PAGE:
Royal Film Commission Jordan is spearheading the country’s plans to grow and develop its film industry reach, both within and beyond its borders and region.

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Guy Ritchie filming ‘Aladdin’ in Jordan

Mohannad Bakri, managing director of the Royal Film Commission (RFC) Jordan, has big ambitions for the country, which include building a studio facility on the outskirts of Amman, the launch of an international film festival and major boosts to existing film incentives for international shoots.

The RFC is also finalising plans to create a cash rebate system for local Jordanian and Arab filmmakers to cement the region’s filmmaking output and aid smaller budget international co-productions.

Appointed to the role by HRH Prince Ali in July this year, Bakri returns to an organisation he helped establish in 2003 when Jordan began to lay out plans to build its film presence. (Bakri left to work with the arts centre on the NYU campus in Abu Dhabi for almost five years before his return this year.)

“Four years ago we established our incentive programme, which includes a cash rebate and a tax exemption for foreign productions, and now we are working on local and other productions,” says Bakri. “It is on the basis of how much you are spending in the country and there are some other eligibility requirements.”

Jordan has increased the maximum cash rebate available from 10% of Jordan spend to 25% for international productions. For a minimum local spend of $1m up to $3m, Jordan offers a 10% rebate, rising to 15% for productions between $3m to $5m. For spends of between $5m to $7m, the rebate is 20% and for $7m and above, productions are offered 25%.

The Warner Bros-backed sci-fi epic Dune, directed by Denis Villeneuve, qualified for the 25% rebate while Disney’s live-action Aladdin conjured up 20%.

Jordan has a co-production agreement with Canada and is in the process of finalising one with Belgium. Thresholds for local and Arabic projects from across the Middle East are expected to be finalised “within the next few months”, adds Bakri.

Jordanian cast and crew make up between 60%-70% on foreign and local productions shooting here. The first ADs on both Aladdin and Star Wars: The Rise Of Skywalker were Jordanian, hired because of capability and not for tax rebate eligibility.

Fits all sizes

The RFC is also planning to introduce a mechanism that supports lower-budget productions looking to shoot in Jordan. “We are working on a lower threshold system for local and other productions and on co-production agreements with countries for local and regional projects,” says Bakri.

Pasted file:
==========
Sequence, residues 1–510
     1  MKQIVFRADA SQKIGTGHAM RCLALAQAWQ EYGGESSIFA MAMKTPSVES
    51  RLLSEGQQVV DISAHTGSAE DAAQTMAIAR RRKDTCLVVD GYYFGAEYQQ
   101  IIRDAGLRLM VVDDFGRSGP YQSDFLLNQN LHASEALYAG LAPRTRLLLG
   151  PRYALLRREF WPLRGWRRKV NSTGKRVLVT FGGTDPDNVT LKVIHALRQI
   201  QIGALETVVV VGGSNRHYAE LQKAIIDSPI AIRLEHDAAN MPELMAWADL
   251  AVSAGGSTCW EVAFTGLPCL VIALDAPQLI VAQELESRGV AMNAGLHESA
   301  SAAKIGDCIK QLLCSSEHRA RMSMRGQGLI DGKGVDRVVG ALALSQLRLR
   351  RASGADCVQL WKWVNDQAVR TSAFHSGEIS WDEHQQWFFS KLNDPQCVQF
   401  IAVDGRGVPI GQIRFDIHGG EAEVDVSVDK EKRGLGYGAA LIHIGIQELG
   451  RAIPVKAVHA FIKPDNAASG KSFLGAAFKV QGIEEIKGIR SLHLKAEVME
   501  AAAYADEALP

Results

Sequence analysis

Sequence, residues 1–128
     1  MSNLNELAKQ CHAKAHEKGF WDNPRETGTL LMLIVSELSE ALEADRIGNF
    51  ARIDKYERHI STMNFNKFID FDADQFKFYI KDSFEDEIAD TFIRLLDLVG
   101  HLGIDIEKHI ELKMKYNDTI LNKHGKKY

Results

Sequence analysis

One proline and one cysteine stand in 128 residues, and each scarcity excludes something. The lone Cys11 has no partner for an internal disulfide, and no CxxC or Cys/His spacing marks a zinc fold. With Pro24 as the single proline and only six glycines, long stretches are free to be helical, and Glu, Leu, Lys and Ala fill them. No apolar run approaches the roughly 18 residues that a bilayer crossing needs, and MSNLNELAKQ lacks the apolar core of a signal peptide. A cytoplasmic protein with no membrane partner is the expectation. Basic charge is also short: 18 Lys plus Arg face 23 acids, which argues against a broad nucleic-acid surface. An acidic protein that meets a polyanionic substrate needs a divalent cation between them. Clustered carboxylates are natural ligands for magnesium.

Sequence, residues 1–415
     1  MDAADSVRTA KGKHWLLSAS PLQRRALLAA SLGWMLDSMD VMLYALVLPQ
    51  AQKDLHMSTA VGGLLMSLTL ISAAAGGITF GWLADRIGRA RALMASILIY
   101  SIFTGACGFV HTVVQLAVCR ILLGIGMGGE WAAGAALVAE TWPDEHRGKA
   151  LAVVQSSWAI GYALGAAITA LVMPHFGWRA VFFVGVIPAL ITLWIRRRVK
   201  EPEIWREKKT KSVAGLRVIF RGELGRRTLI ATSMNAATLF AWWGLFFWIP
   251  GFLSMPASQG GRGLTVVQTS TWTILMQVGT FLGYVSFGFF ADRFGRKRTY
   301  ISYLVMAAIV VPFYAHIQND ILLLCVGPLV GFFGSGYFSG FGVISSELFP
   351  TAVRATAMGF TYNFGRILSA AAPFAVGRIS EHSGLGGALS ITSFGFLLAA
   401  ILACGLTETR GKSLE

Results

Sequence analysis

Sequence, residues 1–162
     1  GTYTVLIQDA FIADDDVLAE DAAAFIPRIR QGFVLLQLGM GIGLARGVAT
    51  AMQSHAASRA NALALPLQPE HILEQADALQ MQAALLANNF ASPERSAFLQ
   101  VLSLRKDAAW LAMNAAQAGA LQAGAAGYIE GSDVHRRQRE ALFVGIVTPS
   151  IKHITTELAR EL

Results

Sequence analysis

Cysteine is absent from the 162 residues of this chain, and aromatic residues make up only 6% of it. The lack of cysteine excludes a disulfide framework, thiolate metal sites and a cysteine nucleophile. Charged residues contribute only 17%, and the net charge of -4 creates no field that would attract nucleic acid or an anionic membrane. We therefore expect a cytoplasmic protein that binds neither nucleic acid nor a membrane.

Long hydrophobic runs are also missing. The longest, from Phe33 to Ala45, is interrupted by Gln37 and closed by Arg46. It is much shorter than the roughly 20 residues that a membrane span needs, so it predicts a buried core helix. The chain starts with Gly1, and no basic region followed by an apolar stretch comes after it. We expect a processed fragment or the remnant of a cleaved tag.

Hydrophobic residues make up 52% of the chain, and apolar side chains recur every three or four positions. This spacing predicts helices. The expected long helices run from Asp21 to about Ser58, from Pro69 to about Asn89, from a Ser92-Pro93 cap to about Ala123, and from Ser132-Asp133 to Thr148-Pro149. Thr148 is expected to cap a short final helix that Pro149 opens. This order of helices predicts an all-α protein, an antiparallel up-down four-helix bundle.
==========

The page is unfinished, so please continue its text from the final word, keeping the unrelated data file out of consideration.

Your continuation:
The commission’s motto is ‘Film the world in Jordan’. Bordered by Saudi Arabia, Iraq and Syria among others, Jordan can double for anywhere in the region. It is a safe country compared to some of its neighbours. “Productions locating in Jordan do not need to budget security considerations,” notes Bakri. “There are very supportive communities wherever you go. People are getting more and more used to foreign productions coming to shoot in Jordan and the country is prepared.”

Jordan can accommodate multiple productions and aims to entice productions to base themselves in the country, not just use it as a location. With high-end infrastructure, hotels and services, Jordan is set to add the next element: a studio facility. “Within 16 to 18 months, Jordan will have the first phase of a studio, most probably with three soundstages, on the outskirts of Amman,” says Bakri. “This studio will be a new attraction for Jordan as a destination to film.”

Amman International Film Festival, scheduled for April 2020, is the next piece of the jigsaw. “The commission founders always resisted mounting a film festival until there were Jordanian productions to showcase,” says Bakri. “Now we have Jordanian stories and the voice, and we want the festival to complete the circle of film culture and industry in Jordan.”

The theme for the debut festival will be ‘first film’ (director, DoP, screenwriter and lead actor/actress firsts will be eligible). Arabic-

language and international films will be considered with an industry programme, pitching sessions and global players from production and distribution set to arrive. Princess Rym Ali is the president of the festival and Nada Doumani its director.

Jordan has played host to three narrative features from local filmmakers in the last three months alone. “I always look at how amazing Jordan has become and look to how far it can go,” says Bakri.

Contact: Justin O Cooper, North American liaison officer

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